Pan de Muerto

Pan de Muerto 2009

“The Mexican . . . is familiar with death, jokes about it, caresses it, sleeps with it, celebrates it; it is one of his favorite toys and his most steadfast love.” –Octavio Paz

dia de los muertos 2009 2

The dead need their daily bread too. It’s November 1st and like many Mexican households I am remembering and celebrating my dearly departed. As it is believed that today and tomorrow are the easiest days for mis muertos queridos to visit and take pleasure in earthly delights, I have lit candles and set out fragrant Marigolds to guide their way, baked  delicious Pan de Muerto to satisfy their stomachs and set out a glass of water to quench their thirst.

I hope all of the saints and all of the souls enjoy this Pan de Muerto. (I baked few extra loaves to enjoy with a cup of coffee or tea and plan on slicing a loaf or two for French Toast.)

Pan de Muerto 2009

Pan de Muerto is a sweet egg bread (think a crumbly brioche) that can be flavored with fragrant anise,orange zest and cinnamon and is decorated with bone shaped pieces of dough and sprinkled with sparkling sugar.

Ingredients
4 c. flour (3 3/4 c. flour +1/4 c. flour)
3/4 c. sugar + 1 Tbs. Sugar
1/2 c. unsalted butter’1/2 Tbs. yeast
3/4 c. milk
3 large eggs
1/2 tsp. salt
1 tsp. cinnamon (optional)
zest of one orange (optional)
1/2 tsp. anise seed (optional)
plus 1 egg for a wash, and extra sugar for dusting

In a large bowl combine milk, yeast, orange zest, 1/4 c. flour and 1 Tbs. sugar. Let stand for 30 minutes, then add the three gently beaten eggs.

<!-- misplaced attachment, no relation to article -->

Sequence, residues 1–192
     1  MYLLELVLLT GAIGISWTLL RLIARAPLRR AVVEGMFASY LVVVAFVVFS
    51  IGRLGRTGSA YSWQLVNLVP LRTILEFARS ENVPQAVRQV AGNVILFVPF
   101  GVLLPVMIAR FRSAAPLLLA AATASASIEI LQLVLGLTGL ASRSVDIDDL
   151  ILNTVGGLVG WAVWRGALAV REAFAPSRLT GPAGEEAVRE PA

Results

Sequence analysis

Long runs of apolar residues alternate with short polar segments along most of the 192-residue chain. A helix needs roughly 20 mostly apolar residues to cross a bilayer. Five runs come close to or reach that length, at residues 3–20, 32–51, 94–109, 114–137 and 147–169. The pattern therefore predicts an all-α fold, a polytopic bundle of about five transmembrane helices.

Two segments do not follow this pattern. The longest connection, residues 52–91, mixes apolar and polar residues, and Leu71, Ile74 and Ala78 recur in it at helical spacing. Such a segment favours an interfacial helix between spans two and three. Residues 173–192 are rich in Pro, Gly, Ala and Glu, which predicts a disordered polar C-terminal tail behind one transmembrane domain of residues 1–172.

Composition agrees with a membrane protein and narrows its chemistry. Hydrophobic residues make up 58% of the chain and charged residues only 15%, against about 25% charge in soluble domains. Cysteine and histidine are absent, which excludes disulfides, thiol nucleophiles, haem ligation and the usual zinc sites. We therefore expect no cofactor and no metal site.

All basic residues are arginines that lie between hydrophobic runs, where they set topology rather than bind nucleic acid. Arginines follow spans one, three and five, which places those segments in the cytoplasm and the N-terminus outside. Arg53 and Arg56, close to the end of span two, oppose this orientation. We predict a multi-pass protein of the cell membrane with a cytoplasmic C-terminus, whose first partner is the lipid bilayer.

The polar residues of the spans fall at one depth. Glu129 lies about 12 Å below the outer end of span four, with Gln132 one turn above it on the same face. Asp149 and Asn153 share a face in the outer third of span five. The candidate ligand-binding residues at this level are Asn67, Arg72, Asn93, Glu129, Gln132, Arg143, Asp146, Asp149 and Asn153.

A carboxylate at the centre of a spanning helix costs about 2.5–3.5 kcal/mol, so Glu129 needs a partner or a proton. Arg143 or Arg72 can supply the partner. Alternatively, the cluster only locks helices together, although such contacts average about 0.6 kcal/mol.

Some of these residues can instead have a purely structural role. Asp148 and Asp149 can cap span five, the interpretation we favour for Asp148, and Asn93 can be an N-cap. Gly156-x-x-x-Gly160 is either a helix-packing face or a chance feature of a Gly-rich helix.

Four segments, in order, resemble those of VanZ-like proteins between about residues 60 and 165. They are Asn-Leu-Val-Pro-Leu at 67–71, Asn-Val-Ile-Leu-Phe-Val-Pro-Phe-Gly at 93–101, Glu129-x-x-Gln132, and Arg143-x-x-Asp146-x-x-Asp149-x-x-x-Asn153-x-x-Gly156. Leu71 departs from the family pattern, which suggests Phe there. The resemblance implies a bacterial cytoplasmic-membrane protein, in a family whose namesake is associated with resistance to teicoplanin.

In a separate bowl combine 3 3/4 c. flour, 3/4 c. sugar, salt, cinnamon and anise. Add this flour mixture to the wet mixture, kneading with you hands (at this point the dough will feel very sticky, kned until it is only slightly sticky. You may add an extra teaspoon of flour at a time if needed.)

Allow the dough to rest for 10 minutes. Add the butter to the dough working it until fully incorporated.  Shape into a ball, grease and lightly flour. Place in bowl and cover with a damp towl to rise for 2 hours.

Separate doug into 6 parts. Shape 5 into balls and place on a greased baking sheet. Decorate the tops of the rolls with the remaining dough by rolling the dough into coils and strips that look like bones.

Allow the bread to rise for an additional hour in a warm place. brush tops of bread with egg white and dust with sugar. Bake in a preheated oven at 350 degrees for 25-30 minutes.

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Comments
9 Responses to “Pan de Muerto”
  1. Lidia says:

    Hey love your blog!!! Girl, it seems like you took forever to start blogging again. So glad you did. Thanks!! I’ve already printed the recipe and will make this bread today. My daughter loved your post on how to make homemade beans. She already knew how but had never seen it in a blog. Your pictures were great. She’s a junior in college and loves your blog. Keep up the great work.

    • gabriellemarielopez says:

      Thank you so much…I know, I’ve been slacking/busy and unable to cook! I’m trying to get back to posting more regularly. I’m glad you’ve shared my blog with your daughter, it’s inspiring to hear of a college-age kid who can cook more than just scrambled eggs. Thanks so much, again, for your encouraging words! xogaby

  2. gloria says:

    I came back to print the recipe. Thank you.

  3. gloria says:

    Happy Dia De Los Muertos and of course the bread looks so delicious. I’m glad to see you posting again.

  4. YayaOrchid says:

    Oh, dear, I’m afraid I posted my comment on your previous post. It’s a little confusing, I’m not used to the comments options being at the TOP of a post. Sorry.

    Great job on the bread and the pictures are truly awesome!

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  1. [...] of the Dead Recipe: Pan de Muerto pan-de-muertos/ Gabriela's Kitchen SHARE PRINT EMAIL   DISCUSS THIS [...]

  2. [...] Pan de Muerto « Gabriela's Kitchen gabrielaskitchen.com/2009/11/01/pan-de-muertos – view page – cached “The Mexican . . . is familiar with death, jokes about it, caresses it, sleeps with it, celebrates it; it is one of his favorite toys and his most steadfast love.” –Octavio Paz — From the page [...]



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